His move to South Africa three years ago, he says, was prompted by a desire to enlarge his sphere of influence in as far as music is concerned.
Fortunately, his switch was made smooth because of his understanding of some South African cultures and languages.
He believes the South African industry is more organised while Zimbabwe's has no proper distribution structures and marketing which makes South Africa better.
Interestingly, some five years ago, Ncube met his wife, Kudzi, who was a stranger at the time. Nine months later the two were a married couple.
"When I saw her singing at her church, I whispered to my friend that 'the person singing is my wife'. His response was that I was being silly since I didn't know this lady. But I told him something in me told me she was the one. This was in March and by December we were married," he says with a smile.
He explains the reason they were quick to settle down was because of the "inner witness" they both had.
"I asked God for someone who didn't know me. Fortunately, it was her first time to see me and it was her first time to hear my music.
"I didn't want to marry a fan, I wanted to marry a friend. So after I saw her I spoke to her pastor and enquired about her just to be sure I was not getting myself into trouble.
"He told me that when he invited me, he had also hoped I'd notice her. And so we made him our marriage officer because of that," he explains.
Now, being married to a chartered accountant, Ncube says his finances are managed remarkably.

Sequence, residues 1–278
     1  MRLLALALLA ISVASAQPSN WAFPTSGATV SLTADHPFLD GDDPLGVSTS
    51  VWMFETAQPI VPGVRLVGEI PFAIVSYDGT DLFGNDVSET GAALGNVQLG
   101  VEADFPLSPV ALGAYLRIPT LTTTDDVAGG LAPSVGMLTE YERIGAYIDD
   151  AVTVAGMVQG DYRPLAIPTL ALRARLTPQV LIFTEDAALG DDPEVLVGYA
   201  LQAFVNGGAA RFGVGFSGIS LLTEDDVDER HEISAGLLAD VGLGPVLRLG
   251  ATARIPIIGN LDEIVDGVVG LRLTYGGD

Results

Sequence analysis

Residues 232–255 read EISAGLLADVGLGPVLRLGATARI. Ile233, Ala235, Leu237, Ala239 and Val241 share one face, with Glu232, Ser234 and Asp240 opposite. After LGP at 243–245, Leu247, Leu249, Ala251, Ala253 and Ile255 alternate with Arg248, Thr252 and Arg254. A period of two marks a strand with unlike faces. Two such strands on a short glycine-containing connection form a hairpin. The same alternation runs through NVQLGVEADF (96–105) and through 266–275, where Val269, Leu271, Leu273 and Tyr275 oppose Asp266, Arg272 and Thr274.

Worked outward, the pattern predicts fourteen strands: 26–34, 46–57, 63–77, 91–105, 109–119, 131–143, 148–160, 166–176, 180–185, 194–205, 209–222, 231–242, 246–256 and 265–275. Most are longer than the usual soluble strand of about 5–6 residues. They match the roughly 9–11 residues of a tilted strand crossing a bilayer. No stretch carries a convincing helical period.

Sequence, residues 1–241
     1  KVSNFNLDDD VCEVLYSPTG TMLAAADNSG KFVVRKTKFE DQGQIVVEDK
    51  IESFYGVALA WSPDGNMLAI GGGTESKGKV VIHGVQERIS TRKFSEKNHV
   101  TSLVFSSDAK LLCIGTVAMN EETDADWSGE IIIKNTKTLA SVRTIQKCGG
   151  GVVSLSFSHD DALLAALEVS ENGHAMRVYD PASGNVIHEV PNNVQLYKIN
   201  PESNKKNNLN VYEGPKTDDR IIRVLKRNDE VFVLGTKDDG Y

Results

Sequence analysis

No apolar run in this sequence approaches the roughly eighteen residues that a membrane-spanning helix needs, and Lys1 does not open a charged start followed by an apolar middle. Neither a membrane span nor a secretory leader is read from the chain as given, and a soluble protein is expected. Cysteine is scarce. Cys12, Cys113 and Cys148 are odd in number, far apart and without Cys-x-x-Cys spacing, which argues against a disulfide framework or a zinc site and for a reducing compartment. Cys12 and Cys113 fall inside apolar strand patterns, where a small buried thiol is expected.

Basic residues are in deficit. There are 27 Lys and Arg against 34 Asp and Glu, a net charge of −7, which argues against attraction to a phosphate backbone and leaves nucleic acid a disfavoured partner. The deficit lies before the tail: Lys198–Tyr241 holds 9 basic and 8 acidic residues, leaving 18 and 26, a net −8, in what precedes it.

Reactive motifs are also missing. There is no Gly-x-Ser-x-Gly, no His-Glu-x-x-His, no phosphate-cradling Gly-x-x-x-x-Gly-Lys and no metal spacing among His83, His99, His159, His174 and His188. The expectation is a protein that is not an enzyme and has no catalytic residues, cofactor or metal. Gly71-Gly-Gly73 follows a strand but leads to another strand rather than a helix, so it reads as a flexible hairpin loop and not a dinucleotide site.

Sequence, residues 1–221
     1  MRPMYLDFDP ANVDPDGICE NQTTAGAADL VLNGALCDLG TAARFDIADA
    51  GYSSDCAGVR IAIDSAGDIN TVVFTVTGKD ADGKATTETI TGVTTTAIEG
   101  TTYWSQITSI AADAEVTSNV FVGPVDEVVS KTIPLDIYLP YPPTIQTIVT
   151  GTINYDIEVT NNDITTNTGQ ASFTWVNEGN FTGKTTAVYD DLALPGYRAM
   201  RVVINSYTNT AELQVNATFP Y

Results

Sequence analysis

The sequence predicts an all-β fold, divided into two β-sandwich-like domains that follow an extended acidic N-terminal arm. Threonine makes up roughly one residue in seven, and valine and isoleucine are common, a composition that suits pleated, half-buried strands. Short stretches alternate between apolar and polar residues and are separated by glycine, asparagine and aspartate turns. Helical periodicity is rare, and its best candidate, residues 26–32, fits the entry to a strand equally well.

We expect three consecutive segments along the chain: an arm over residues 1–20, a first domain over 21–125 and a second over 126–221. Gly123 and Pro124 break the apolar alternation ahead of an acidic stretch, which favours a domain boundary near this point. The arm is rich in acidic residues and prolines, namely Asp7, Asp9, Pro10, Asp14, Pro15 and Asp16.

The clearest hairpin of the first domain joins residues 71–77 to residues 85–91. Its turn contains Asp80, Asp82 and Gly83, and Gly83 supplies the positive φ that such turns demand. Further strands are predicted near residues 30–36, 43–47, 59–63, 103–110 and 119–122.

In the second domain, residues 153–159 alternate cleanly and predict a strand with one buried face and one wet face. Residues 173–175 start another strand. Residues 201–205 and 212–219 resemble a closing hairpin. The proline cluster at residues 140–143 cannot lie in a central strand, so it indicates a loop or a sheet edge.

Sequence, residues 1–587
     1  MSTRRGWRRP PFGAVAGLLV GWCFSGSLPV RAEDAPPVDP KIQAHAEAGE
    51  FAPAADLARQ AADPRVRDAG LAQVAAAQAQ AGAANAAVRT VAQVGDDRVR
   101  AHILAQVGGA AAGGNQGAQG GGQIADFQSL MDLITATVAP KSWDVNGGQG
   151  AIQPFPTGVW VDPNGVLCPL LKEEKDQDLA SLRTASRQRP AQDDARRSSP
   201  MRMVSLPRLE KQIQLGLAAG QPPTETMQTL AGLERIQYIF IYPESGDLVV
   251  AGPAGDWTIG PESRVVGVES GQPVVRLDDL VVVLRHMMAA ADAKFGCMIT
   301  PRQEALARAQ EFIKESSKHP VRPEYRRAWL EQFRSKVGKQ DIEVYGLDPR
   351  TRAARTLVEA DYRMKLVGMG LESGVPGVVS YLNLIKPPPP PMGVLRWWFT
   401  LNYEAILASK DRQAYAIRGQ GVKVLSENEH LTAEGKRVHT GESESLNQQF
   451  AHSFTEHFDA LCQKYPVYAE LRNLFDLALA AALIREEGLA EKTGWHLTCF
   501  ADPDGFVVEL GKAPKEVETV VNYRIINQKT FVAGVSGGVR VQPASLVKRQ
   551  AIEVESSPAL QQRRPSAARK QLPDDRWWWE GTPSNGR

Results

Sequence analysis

His wife, he says, also knows when it is time for him to pen a new song.
"She will switch off my phone and make sure I focus and write the song."
Ncube is clear on his calling, and is poised to see it come to full manifestation.
"I'm called to be a revivalist and to push the agenda of worship. My songs have to set people free, deliver them and heal them. My songs have to bring people to a place of prayer. My heart's desire is that when one listens to my song in the car, it changes the atmosphere and ignites them to worship God," he says.
His weekends are ever busy with many church conferences, weddings and concert engagements in and out of South Africa.
But in the midst of his busy schedule, he is careful not to neglect the discipline of studying the word of God and prayer.
A longing to share his experiences with fellow believers pushed him to author a book on praise and worship titled, “The Power of Praise and Worship.”
"The idea behind the book was to help someone understand the importance of praise and worship.
"I believe doing something with knowledge ensures it is done properly and effectively so the book was also to empower the church."
On a Monday, which is his off-day, Ncube, who resides in Pretoria, enjoys talking a lot of "baby language" with his two daughters.
"I enjoy spending time with my daughters and teaching them life skills young as they are," he adds.
Besides writing songs, the founder of Worship Addicts, also plays the keyboard, the guitar and the saxophone.
He unapologetically intends to make an impact in the lives of people across the globe through his gift.